Listed Building

The legal part of the listing is the address/name of site only. All other information in the record is not statutory.

13-23 (ODD NOS) SHANDWICK PLACELB47728

Status: Designated

Documents

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Summary

Category
C
Group Category Details
100000019 - see notes
Date Added
23/03/2001
Local Authority
Edinburgh
Planning Authority
Edinburgh
Burgh
Edinburgh
NGR
NT 24627 73623
Coordinates
324627, 673623

Description

Earlier 19th century, recast 1880 by Robert Morham, with later alterations. 4-storey, 9-bay classically detailed former terrace of 3, 3-bay town houses with shops built out at ground floor. Polished granite to shop surrounds at principal floor; painted sandstone ashlar above with painted dressings. Cill course at 1st and 2nd floors; lintel course at 1st floor; band course below cornice; string course below cornice between 2nd and 3rd floors and at 3rd floor. Pilasters and dentil cornice to 1st floor windows; moulded surrounds to 1st and 2nd floor windows; bracketed balconies to central bipartites at 2nd floor; consoled and finialled segmental pediments at 3rd floor; pilasters demarcating each 3-bay section at 3rd floor.

NW (PRINCIPAL) ELEVATION: 2-leaf modern glazed door with rectangular fanlight above to pend to right of centre and deep-set modern door to outer right at principal floor; modern shop fronts at remainder of principal floor. Upper floors, bays grouped 3-3-3. Regular fenestration at 1st floor; bipartite with single windows flanking to 2nd and 3rd floors.

NE ELEVATION: adjoining terrace, 7-11 Shandwick Place (see separate list description).

SW ELEVATION: adjoining terrace, 25-37 Shandwick Place, The Maitland Hotel (see separate list description).

SE ELEVATION: not seen 2000.

Shop windows at principal floor; 4-pane timber sash and case windows elsewhere. Grey slate roof; coped skews. Sandstone, coped, multi-flue ridge and gablehead stacks with full compliment of tall cylindrical moulded cans. Cast-iron rainwater goods.

INTERIOR: modern shop fittings at principal floor; remainder unseen 2000.

Statement of Special Interest

Part of the Edinburgh New Town A-Group, a significant surviving part of one of the most important and best preserved examples of urban planning in Britain. Possibly originally a set of three earlier 19th century town houses, remodelled by the city architect, Robert Morham. The line of this development westwards was agreed to by the city in 1813 but had been planned as early as 1801, with the S side of Shandwick Place originally called Maitland Street (renamed in the late 1890s). Its form continues the urban rectilinearity of Craig's New Town (Youngson, p215). This side of Shandwick Place appears on Robert Kirkwood's New Plan of 1817, although many of the buildings have since been remodelled or rebuilt. According to Grant Shandwick Place was "once a double line of front-door houses for people of good style, [now they] are almost entirely lines of shops or other new buildings".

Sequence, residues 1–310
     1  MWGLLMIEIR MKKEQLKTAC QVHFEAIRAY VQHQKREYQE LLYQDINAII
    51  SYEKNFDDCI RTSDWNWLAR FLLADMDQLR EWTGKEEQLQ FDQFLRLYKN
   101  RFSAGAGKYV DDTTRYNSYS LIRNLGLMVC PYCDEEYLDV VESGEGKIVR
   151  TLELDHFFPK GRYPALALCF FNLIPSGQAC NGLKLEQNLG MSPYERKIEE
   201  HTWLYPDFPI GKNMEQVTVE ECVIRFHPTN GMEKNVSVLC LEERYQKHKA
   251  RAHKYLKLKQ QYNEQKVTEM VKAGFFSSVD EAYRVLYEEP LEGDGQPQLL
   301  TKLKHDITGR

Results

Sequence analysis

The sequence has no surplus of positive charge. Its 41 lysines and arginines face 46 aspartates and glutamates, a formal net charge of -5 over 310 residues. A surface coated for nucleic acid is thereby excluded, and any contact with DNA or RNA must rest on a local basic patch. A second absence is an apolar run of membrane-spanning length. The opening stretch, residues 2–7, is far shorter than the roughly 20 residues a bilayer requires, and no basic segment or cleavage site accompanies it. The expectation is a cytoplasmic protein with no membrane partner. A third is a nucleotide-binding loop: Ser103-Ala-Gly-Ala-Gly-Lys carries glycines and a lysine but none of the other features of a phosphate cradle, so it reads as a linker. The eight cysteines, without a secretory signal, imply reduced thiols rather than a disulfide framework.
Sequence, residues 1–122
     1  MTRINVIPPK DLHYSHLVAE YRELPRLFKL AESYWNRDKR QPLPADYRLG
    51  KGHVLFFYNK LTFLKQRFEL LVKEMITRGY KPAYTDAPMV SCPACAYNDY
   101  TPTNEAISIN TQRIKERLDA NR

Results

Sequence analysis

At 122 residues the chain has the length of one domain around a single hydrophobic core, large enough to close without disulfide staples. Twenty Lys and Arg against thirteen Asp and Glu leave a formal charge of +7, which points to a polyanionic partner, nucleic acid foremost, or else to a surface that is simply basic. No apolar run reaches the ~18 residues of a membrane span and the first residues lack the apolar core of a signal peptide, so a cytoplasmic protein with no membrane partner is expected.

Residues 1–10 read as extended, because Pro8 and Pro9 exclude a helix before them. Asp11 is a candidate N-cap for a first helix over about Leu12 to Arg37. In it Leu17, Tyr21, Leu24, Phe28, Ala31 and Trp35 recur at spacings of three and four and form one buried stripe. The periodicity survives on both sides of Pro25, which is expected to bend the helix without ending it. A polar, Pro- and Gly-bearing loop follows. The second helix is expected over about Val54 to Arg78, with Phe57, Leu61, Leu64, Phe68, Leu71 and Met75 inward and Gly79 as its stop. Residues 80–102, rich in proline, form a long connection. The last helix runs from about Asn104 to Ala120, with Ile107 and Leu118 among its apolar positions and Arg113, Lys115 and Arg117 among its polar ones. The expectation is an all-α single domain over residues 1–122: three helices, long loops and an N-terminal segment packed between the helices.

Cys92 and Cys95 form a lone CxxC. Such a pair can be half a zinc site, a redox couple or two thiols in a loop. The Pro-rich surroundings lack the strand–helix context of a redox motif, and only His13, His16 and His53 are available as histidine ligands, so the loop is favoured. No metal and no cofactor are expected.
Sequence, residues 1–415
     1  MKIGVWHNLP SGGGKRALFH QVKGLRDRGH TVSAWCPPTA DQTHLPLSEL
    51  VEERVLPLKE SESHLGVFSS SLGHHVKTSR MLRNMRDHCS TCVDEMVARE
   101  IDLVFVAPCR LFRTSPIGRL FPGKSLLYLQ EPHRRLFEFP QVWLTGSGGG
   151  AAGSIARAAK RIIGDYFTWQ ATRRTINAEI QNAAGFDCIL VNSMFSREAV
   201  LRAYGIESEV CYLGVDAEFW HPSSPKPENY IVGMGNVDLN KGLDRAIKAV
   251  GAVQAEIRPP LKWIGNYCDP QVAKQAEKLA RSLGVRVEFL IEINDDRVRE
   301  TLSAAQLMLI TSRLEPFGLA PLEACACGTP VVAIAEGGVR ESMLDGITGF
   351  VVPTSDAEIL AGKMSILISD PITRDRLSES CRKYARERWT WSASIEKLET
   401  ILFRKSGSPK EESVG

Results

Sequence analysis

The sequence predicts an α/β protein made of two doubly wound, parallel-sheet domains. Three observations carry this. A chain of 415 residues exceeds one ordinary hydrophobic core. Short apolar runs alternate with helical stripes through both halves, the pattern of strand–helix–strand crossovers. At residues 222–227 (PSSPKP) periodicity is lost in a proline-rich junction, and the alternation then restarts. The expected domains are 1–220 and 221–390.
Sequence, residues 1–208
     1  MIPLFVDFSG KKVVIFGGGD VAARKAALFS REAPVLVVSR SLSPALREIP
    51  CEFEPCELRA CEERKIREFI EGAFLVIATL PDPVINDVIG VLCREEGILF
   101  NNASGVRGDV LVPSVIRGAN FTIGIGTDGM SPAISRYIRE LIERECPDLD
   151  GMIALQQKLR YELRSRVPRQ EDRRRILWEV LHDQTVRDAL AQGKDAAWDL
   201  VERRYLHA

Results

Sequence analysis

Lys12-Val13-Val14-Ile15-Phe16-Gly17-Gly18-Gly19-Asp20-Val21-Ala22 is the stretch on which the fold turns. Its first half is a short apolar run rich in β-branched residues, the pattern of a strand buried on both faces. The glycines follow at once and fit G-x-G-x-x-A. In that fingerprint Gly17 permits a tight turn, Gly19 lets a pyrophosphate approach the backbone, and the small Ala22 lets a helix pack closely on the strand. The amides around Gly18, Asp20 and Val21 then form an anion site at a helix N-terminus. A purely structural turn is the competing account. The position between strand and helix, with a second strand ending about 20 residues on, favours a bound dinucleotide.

References

Bibliography

Kirkwood, New Plan, (1817); PLAN OF THE CITY OF EDINBURGH, INCLUDING ALL THE LATEST AND INTENDED IMPROVEMENTS, circa 1827; 1853 and 1877 OS MAPS; J Grant, CASSELL'S OLD AND NEW EDINBURGH, Vol 2, p209; A J Youngson, THE MAKING OF CLASSICAL EDINBURGH, (1966), p215; J Gifford, C McWilliam and D Walker, EDINBURGH (Buildings of Scotland series), (1984), p380; M Glendinning, R MacInnes and A MacKecknie, A HISTORY OF SCOTTISH ARCHITECTURE, (1996), p566; S Harris, THE PLACE NAMES OF EDINBURGH, (1996), p561.

About Listed Buildings

Listing is the way that a building or structure of special architectural or historic interest is recognised by law through the Planning (Listed Buildings and Conservation Areas) (Scotland) Act 1997.

We list buildings of special architectural or historic interest using the criteria published in the Historic Environment Scotland Policy Statement.

The statutory listing address is the legal part of the listing. The information in the listed building record gives an indication of the special architectural or historic interest of the listed building(s). It is not a definitive historical account or a complete description of the building(s). The format of the listed building record has changed over time. Earlier records may be brief and some information will not have been recorded.

Listing covers both the exterior and the interior. Listing can cover structures not mentioned which are part of the curtilage of the building, such as boundary walls, gates, gatepiers, ancillary buildings etc. The planning authority is responsible for advising on what is covered by the listing including the curtilage of a listed building. For information about curtilage see www.historicenvironment.scot. Since 1 October 2015 we have been able to exclude items from a listing. If part of a building is not listed, it will say that it is excluded in the statutory address and in the statement of special interest in the listed building record. The statement will use the word 'excluding' and quote the relevant section of the Historic Environment Scotland Act 2014. Some earlier listed building records may use the word 'excluding', but if the Act is not quoted, the record has not been revised to reflect current legislation.

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